If you pour too fast, it will act like you flushed it. If you go slow, the excess will just flow down the drain with no other effect after it fills up. A toilet bowl is normally filled to overflowing...yours may or may not be filled properly...this will tell you for sure.
    Jim DeBruycker
    Important note - I'm not a pro
    Retired Defense Industry Engineer; Schluter 2.5-day Workshop Completed 2013, 2014

  8. #8
    DIY Junior Member DTV's Avatar
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    Toilet pulled, nothing in the trap I can see and the snake doesn't feel like anything is stuck in the trap. Have a plumber coming out to take a look tomorrow morning. If the drain isn't clogged it looks like I'll be in the market for a new toilet and by the looks at all of the posts re: Toto and Cadet 3... this will be an interesting research project. Didn't realize something like toilets would have so many reviews/discussion.

  9. #9
    Forum Admin, Expert Plumber Terry's Avatar
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    Well, if you're going to do it once, get the Toto.

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    DIY Junior Member DTV's Avatar
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    How weird.. was searching around toto's website to find out the closest dealer. Ended up going through your website to find the approximate price. Next thing you know I find out you are in Bothell, WA! I'm down in Newcastle.. 20 minutes or so from ya!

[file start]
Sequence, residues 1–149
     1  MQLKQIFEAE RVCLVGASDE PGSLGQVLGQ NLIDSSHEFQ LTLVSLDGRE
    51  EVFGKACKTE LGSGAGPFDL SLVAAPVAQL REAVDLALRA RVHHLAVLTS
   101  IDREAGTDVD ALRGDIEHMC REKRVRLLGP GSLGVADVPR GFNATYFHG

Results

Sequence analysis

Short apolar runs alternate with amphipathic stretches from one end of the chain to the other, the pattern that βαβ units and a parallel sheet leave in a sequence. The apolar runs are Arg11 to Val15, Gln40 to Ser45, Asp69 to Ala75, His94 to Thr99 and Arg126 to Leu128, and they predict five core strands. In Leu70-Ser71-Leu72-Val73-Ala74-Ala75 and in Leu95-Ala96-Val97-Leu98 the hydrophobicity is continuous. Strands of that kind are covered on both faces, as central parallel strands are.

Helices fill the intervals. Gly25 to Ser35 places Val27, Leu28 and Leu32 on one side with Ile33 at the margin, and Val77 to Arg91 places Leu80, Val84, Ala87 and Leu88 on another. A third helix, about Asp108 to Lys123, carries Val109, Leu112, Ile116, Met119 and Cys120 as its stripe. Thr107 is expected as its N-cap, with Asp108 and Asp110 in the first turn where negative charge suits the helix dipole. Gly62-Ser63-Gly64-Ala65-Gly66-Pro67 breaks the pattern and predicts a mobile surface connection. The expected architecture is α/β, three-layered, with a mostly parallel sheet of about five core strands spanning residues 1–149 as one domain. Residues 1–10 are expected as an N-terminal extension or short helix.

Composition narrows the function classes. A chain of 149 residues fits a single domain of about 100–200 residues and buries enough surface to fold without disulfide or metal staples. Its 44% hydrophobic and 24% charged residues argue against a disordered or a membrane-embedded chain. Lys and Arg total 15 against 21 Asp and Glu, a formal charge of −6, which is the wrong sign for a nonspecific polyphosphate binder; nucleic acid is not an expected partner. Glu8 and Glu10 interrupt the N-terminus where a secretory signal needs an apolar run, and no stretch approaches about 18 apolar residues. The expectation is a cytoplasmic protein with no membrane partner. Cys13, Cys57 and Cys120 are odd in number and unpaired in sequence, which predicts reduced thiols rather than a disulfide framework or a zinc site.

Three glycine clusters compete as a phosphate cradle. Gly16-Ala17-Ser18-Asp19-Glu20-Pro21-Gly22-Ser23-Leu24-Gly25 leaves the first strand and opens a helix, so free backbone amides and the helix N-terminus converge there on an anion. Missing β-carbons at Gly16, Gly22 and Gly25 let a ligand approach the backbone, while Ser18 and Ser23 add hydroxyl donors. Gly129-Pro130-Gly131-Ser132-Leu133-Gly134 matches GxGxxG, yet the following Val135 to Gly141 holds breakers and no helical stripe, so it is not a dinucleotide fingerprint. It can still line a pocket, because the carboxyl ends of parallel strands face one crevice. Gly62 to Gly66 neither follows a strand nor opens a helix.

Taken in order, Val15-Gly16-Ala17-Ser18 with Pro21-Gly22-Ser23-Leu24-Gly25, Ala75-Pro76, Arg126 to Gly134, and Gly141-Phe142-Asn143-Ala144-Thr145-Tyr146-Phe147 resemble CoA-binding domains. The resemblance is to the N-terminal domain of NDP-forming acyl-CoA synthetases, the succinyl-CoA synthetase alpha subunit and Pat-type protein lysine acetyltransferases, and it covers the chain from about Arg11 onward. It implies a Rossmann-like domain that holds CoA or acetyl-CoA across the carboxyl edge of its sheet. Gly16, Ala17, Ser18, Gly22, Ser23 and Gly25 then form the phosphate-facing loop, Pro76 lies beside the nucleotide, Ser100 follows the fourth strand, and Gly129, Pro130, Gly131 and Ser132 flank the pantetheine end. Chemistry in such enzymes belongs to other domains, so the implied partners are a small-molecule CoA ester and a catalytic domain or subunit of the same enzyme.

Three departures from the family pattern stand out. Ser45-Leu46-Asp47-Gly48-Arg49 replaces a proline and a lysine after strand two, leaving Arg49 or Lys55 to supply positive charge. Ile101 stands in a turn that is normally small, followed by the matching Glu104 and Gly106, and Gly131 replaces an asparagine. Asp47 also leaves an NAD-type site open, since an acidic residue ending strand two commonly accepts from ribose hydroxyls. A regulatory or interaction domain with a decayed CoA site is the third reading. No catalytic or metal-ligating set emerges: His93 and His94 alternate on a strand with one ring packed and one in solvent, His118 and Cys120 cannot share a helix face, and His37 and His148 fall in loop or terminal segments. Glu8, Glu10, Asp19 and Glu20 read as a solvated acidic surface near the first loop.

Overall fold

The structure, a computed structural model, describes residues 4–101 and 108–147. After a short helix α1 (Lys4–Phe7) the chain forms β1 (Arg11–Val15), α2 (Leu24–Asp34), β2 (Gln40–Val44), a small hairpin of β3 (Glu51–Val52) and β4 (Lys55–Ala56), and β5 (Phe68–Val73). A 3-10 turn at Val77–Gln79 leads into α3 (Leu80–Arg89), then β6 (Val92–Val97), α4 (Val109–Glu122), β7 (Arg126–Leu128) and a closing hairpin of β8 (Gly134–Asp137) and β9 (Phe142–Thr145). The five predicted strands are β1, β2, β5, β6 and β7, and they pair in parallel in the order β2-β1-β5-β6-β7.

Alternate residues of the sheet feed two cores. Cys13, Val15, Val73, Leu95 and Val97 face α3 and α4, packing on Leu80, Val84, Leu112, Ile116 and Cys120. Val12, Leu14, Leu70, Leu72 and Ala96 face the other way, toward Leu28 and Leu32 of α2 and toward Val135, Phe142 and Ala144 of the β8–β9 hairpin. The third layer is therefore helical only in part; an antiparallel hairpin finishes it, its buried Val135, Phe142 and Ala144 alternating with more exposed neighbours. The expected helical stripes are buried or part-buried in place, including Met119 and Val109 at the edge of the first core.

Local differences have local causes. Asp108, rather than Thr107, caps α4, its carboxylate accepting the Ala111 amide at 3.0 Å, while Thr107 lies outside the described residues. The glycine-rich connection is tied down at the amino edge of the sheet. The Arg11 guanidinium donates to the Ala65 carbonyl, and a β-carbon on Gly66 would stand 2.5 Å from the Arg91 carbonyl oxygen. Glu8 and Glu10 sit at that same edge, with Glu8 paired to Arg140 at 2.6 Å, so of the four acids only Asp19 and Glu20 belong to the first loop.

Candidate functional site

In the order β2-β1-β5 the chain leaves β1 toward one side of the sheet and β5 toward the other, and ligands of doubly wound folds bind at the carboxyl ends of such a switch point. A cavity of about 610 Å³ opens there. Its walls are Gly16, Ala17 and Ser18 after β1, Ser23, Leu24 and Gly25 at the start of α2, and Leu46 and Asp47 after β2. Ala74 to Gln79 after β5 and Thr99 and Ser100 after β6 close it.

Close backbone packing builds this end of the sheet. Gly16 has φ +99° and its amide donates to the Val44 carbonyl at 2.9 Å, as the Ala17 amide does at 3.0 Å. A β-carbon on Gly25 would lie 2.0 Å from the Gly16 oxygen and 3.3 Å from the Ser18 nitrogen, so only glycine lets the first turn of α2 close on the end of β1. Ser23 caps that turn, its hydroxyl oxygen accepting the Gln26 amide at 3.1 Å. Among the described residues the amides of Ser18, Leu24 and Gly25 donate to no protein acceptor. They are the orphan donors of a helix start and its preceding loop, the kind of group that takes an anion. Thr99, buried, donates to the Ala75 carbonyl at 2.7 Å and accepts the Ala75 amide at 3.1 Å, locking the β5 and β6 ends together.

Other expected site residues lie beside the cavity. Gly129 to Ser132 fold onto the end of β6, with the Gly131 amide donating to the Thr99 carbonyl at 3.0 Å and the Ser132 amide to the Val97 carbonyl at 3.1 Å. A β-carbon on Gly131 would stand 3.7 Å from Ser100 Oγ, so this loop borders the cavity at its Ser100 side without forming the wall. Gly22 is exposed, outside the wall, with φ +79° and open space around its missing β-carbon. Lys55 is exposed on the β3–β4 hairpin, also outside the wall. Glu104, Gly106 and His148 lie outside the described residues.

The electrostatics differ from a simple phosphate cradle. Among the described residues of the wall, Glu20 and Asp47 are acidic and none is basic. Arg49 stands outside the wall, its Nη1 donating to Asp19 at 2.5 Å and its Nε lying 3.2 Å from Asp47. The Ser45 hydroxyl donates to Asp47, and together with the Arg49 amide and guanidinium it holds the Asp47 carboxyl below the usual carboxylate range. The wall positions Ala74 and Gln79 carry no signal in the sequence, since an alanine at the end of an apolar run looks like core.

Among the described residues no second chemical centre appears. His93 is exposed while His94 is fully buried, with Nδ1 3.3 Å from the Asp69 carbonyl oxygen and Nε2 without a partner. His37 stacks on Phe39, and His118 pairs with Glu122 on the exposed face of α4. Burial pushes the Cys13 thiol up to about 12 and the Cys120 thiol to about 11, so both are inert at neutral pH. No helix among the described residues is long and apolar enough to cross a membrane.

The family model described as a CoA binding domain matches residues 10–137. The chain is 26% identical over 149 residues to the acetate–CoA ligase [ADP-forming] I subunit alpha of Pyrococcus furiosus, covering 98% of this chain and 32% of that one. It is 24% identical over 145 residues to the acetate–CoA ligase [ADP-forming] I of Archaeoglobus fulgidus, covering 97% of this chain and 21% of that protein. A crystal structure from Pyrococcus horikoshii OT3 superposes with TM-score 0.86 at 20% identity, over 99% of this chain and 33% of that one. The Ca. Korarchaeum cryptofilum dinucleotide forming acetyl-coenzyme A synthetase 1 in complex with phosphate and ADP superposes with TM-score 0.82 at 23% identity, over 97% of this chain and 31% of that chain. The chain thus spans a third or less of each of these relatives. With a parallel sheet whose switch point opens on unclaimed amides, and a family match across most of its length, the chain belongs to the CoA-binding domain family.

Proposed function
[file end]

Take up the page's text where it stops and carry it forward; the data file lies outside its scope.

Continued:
11. #11
    DIY Junior Member DTV's Avatar
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    So had a plumber come out this morning. He used a toilet snake and made sure nothing was in the trap. Put the toilet back together with new wax ring and the toilet was still acting up.

    He thought it was maybe the flapper and tried replacing that and it still wasn't flushing properly. If the handle is held down for a couple of seconds and the tank gets fully drained, it flushes correctly for the most part.

    Not sure how much I trust him though since in the end he thought maybe the float kit was bad and suggested replacing that. Isn't the float solely responsible for filling the tank and has nothing to do w/ the functionality of the actual flush?

    He said it isn't a clogged drain or anything though... is it time to try a new toilet?

  12. #12
    Forum Admin, Expert Plumber Terry's Avatar
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    Far too much money being spent on plumbers.

    Just pick up a Toto Drake and send the old one on it's way.

    There is something in the trapway that is hiding, and if the plumber can't find it, it's time to give up on it.

    I had an American Standard Cadet 1.6 gallon like that.
    Once it started having problems, it never stopped.

    I too, took it outside, and augured and augured.
    I never did find the problem.



    We use a closet auger with the large 1-3/8" end on it.
    Smaller cables can go right by the obstruction and not move it.

  13. #13
    DIY Senior Member Runs with bison's Avatar
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    Terry,

    If I was in the business I would invest in some sort of boroscope for stuff like this. I've borrowed them from our corrosion and pressure vessel code inspection folks to inspect vessel internals through nozzles.

  14. #14
    DIY Junior Member s321965@gmail.com's Avatar
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    Default slow draining toilet

    I recently repaired a slow draining toilet my first step was to pull the toilet and check to see if there is anything clogging the drain or in the toilet itself both the toilet and the drain were free of obstructions the next step was to check the functionality of the toilet at the waist outlet there are two holes 1 To remove waste and the other to assist waste removal the smaller waist assist hole was clogged therefore the bowl would Just swirl when flushed after un clogging the smaller hole the toilet would properly flush the entire process took approximately an hour cost to the homeowners was $65 one hour labor and $5 in that Materialwhich consisted of a wax ring